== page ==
Mises Daily Articles
This Bread Is Mine
[Chapter 9 of This Bread Is Mine]
We must return to Adam Smith.
This great economist and father of the modern theory of free markets propounded an error which has haunted us ever since.
Smith's "labor theory of value" was mistaken. However, David Ricardo accepted it and elaborated it. As elaborated by Ricardo, the labor theory of value was still further developed by Karl Marx. Thus, we have a socialist theory of economic value resultant from a doubly compounded error. This error has become the moral fulcrum on which the political socialist lever rests.
What Smith was getting at, and what most individualists would agree with, is the moral certainty that the laborer is entitled to the full product of his own labor. Indeed, earlier in this essay that has been listed as a basic right of every human being.
Getting All That You Earn
The "surplus value" theory of Marx is derived from the "labor theory of value" of Smith and Ricardo. Briefly, the theory can be explained thusly: It is evident that natural resources do not prepare themselves for the use of man. Human energy and tools must be applied to the resources before they can be converted into usable form and transported to places where a demand for them exists.
One does not pay money to natural resources. Nor does one pay money to tools. It may be an essential to pay the person who owns the resources or the tools. But essentially, all money passes from one human hand into another human hand. And the passage relates to the amount of labor performed by the human energy supplied in each case.
Thus, one does not buy logs or lumber for building; one purchases the labor that has gone into the felling of the trees, the milling of the lumber. What are the logs worth while they are still trees? Fundamentally, they are worth whatever it costs to convert them. And here is Marx: If more than that basic cost of labor is included in the purchase price, the element of profit or "surplus value" appears. If you must pay a lumberman five dollars to fell a tree, trim it, saw it into usable lengths and thicknesses, and then deliver it, the tree is worth five dollars, no more, no less.
Superficially, this is reasonable enough — reasonable, that is, if this were a world in which hand tools were all that could ever be employed, land could never be privately owned, and our wants were such simple things as log houses. We are far from such a world. Such a world is contrary to the nature of man's basic rights; there is no desire for such a world. The "labor theory of value" is fallacious and the notion of "surplus value" based upon it is equally in error.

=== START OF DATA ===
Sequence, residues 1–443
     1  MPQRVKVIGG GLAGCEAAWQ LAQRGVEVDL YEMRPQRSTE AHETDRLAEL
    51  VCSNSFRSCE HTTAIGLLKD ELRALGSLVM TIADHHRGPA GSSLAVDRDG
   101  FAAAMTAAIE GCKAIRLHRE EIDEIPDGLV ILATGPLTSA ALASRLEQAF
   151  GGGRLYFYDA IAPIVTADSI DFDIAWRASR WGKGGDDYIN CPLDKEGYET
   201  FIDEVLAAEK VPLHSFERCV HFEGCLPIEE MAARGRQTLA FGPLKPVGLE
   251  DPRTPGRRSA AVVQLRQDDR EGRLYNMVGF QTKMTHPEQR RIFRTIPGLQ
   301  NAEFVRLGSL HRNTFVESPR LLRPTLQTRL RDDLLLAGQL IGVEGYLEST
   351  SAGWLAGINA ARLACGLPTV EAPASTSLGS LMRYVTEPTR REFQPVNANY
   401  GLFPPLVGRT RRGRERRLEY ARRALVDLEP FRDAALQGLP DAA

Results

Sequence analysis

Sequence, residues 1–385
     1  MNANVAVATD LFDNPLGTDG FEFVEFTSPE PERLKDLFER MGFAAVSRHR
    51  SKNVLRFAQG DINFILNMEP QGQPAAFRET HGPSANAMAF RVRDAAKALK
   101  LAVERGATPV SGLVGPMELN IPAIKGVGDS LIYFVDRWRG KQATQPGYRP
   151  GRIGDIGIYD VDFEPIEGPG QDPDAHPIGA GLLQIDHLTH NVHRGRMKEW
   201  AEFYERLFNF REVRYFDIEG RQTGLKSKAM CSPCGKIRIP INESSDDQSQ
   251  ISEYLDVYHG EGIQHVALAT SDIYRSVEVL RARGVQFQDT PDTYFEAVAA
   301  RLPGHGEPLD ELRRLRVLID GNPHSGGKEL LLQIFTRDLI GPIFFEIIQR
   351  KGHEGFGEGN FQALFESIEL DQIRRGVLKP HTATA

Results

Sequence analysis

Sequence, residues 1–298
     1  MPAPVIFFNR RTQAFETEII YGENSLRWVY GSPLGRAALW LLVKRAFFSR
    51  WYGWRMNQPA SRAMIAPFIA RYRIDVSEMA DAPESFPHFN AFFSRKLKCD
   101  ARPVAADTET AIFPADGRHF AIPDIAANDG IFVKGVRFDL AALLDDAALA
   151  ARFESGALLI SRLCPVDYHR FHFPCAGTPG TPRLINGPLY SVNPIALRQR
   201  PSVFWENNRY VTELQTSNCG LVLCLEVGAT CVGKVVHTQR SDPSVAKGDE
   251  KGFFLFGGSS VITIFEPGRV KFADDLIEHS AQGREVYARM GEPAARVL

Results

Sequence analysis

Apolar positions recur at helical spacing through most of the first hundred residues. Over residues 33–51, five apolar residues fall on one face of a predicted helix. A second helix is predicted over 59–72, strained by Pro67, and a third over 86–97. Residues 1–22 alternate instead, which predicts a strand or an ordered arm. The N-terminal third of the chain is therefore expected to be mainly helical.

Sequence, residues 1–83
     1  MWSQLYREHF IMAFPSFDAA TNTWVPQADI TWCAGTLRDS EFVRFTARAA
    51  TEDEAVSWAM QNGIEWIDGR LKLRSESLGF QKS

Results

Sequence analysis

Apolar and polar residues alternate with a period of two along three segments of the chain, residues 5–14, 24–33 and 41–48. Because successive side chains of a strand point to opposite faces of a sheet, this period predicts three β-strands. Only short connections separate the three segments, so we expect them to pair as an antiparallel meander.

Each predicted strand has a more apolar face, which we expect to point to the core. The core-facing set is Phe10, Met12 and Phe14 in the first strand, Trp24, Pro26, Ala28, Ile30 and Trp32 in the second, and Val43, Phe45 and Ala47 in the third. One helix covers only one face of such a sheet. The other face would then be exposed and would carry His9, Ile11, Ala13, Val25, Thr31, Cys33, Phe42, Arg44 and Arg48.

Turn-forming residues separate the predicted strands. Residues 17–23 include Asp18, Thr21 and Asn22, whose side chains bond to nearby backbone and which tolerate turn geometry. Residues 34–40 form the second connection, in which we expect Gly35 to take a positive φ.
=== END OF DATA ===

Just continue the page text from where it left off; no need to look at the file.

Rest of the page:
What Smith, Ricardo, and Marx have done, and what the followers of the latter two continue to do, is to confuse the meanings of two important words: cost and value. While it may be true in the above instance that it might cost five dollars to produce the lumber from a given tree, the value of the lumber from that tree has no immediate relationship to cost.
Value, as Eugen Ritter von Böhm-Bawerk, Ludwig von Mises, and others demonstrate is inevitably the result of a subjective judgment. Lumber may cost $5, but the intensity with which you, as a purchaser, desire the lumber determine whether it is worth $1 or $20 to you. If it is worth only $1 to you, you will not purchase it if it is priced above that sum, regardless of the cost expended in producing it. Similarly, if you would be glad to pay as much as $20 for it, you will consider it a bargain if it is priced at $10, even though the cost of producing the lumber was $5 and the other $5 represents a profit to the producer.
In short, as a purchaser, you do not consider either cost or profit to others. You concern yourself with value, which relates to your own desire and your own ability to pay. It is in this area that Smith, et al., come to grief. They conclude that cost and value are the same thing.
Two Kinds of Pies